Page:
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Sacred Valley

Exploring the Majestic Valley of the Incas

El Valle Sagrado (the Sacred Valley) of the Incas is located 15 km (9miles) north of the Inca capital of Cusco at 2,800 meters (9,186 feet). The Sacred Valley was once the Inca Empire’s main point for the extraction of natural wealth, and one of the most important areas for the production of corn in Peru.

The Valley is blessed with an excellent climate, fertile lands and the waters of the Sacred River of the Inca, the Vilcanota (which in Quechua means sacred or wonderful). In the town of Urubamba, the Vilcanota is known as the Urubamba River.

We have to admire the advanced agricultural techniques of the Incas and their “andeneria” (terraces) systems: platform systems that are comprised of a group of small earthen plots of land, arranged in steps on the hills, where crops are sown. The valleys were also a place for the worship of Pachamama (mother earth).

The Sacred Valley is a must-see destination in Peru and has become one of the most important tourist centres in the country. There are numerous breath-taking Inca ruins, such as Ollantaytambo, Pisaq, and Moray. The Sacred Valley also has two of the most important artisan markets in the Cusco region: Pisaq and Chinchero.

Ollantaytambo

Ollantaytambo is an attractive town located at the western end of the Sacred Valley (about one and a half hours by bus from Cusco). The town has been built on top of original Inca foundations and is the best surviving example of Inca town planning, and the most “atmospheric”. The flights of terraces leading up above the town are superb, as well as the views of the valley. This archaeological complex was a gigantic agricultural, administrative, social, religious and military fortress in the era of the Tahuantinsuyo (1300–1532 AD). The Spaniards called it the Fortress of Ollantaytambo.

The origin of the name is controversial. According to the Aymara language, Ollantaytambo derives from the word ulla-nta-wi, which means place to look downward; the word tambo was added subsequently. In the Quechua language, the name derives from the word Ollanta (which is the name of an Inca Captain) and the word tambo, a Spanish derivation of the Quechua word tampu, which means city that offers lodging, food and comfort to travellers.

Pisaq

Pisaq is an important Inca ruin that contains military, religious, and agricultural buildings.

This Inca citadel is located 32 km (20miles) northeast of Cusco, in the Sacred Valley, at 2,950 meters (9,678 feet). According to historians, Pisaq defended the southern entrance to the Sacred Valley, while Choquequirao defended the western entrance, and the fortress at Ollantaytambo the northern. Inca Pisaq controlled a route which connected the Inca Empire with the border of the rain forest.

The ruins of Pisaq are divided into 4 parts: Pisaqa, Intihuatana, Callacasa (Q’allaqasa), and Kinchiracay, which are located at different elevations and separated by agricultural terraces. There are original Inca houses, courtyards, steps, aqueducts, and tunnels. The climbs are fun; the views are picturesque.

Pisaq derives from the Quechua word “pisaq” or “p’isaqa”, which means partridge. In accordance with traditional Incan architecture, cities were built based on the figurative designs of animals. Pisaq was partridge-shaped, as we can tell from its name.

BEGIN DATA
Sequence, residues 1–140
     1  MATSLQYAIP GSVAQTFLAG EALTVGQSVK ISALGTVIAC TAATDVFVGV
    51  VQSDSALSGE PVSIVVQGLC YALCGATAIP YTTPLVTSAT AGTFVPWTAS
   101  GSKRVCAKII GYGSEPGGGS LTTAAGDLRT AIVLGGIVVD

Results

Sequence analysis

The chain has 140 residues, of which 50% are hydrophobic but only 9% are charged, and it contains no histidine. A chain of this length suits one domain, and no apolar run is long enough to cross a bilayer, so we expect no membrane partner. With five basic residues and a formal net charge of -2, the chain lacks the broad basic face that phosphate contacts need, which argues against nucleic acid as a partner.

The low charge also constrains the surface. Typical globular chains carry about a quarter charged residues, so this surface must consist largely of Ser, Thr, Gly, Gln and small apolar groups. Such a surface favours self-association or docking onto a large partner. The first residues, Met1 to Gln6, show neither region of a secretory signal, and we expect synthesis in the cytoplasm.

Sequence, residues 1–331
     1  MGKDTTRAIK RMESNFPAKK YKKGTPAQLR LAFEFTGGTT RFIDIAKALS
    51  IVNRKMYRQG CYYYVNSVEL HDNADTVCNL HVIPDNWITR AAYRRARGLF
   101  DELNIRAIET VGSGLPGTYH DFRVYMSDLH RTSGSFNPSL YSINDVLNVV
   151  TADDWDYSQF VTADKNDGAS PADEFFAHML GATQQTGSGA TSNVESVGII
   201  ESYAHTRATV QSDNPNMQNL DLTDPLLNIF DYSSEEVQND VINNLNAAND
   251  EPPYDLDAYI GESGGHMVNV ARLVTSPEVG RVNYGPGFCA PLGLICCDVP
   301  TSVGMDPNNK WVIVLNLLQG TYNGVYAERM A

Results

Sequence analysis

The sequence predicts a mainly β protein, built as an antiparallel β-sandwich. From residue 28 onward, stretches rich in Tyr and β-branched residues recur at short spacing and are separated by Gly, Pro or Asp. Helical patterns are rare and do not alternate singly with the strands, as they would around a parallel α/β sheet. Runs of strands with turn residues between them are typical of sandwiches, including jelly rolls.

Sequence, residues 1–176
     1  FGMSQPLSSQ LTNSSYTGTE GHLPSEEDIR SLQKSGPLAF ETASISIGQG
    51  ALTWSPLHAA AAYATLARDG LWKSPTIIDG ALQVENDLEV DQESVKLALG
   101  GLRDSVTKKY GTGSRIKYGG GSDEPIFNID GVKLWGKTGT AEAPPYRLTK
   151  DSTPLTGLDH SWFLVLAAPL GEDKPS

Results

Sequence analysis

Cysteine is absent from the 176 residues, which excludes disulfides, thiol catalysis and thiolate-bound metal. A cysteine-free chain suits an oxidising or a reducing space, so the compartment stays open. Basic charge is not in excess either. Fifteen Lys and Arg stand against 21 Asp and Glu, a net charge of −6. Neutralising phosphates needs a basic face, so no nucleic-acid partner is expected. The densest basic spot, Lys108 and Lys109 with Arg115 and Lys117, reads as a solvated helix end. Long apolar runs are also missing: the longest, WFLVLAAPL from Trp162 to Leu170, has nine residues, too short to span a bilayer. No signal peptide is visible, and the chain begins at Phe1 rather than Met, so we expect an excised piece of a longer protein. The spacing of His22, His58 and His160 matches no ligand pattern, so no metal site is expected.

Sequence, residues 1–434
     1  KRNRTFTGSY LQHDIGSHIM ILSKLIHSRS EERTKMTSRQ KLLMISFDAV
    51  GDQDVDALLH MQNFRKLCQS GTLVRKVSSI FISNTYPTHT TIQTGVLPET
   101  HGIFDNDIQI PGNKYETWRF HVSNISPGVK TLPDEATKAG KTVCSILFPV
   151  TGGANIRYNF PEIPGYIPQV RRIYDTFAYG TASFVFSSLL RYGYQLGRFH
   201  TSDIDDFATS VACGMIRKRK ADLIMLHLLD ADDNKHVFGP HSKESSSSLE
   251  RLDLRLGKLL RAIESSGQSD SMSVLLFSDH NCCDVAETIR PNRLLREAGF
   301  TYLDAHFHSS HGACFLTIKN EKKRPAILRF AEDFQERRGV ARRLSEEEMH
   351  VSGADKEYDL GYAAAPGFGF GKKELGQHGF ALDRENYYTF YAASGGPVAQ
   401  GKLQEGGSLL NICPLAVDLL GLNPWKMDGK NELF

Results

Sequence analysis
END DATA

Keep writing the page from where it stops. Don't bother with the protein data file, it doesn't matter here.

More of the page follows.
Moray

Located 38 km (24 miles) northwest of Cusco and 7 km (4 miles) southwest of Maras, we find Moray. Moray is a Quechua word and names a territory occupied since ancient times by the rural communities of Mullak´as and Misminay. It is said that the word Moray is connected with the maize harvest, called Aymoray or with May, that was also called Aymoray, and similarly with the dried potato, which is Moraya or Moray.

The site contains unusual Inca ruins, mostly consisting of several enormous terraced circular depressions, the largest of which is about 30 meters deep (98 feet). The purpose of these depressions is uncertain, but their depth and orientation with respect to wind and sun creates a temperature difference as large as 15°C (27°F) between the top and bottom. This large temperature difference was possibly used by the Inca to study the effects of different climatic conditions on crops. In other words, Moray was perhaps an Inca agricultural experiment station.

The archaeological group of Moray was recognised by the Shirppe Johnson expedition in 1932 when it flew over the area.

In September, hundreds of local people in nearby communities travel to the circular cultivation terraces in Moray to celebrate the Moray Raymi, or the festival of the sun. The celebration includes traditional dances celebrating everything relating to the earth: produce, agriculture and livestock.

Salinas of Maras

Located approximately 3 km (1.9 miles) from the Vilcanota River, near the village of Maras, the Salinas (salt mines) of Maras are very picturesque. Here, salt is extracted in evaporation terraces constructed on the sides of a hill.

There are approximately 3,000 pools in the terraced system, similar to the agricultural terraces. The size of a single pool is about 5 square meters (58 square feet) on average. The salt-extraction process works in a very ancient fashion: locals run water into the pools, then drain it; the small amount of water remaining in the pool is then left to evaporate. After about a month of evaporation, a layer of dry salt remains in the bottom, which is then collected. The Incas extracted salt here hundreds of years ago, using the same technique.

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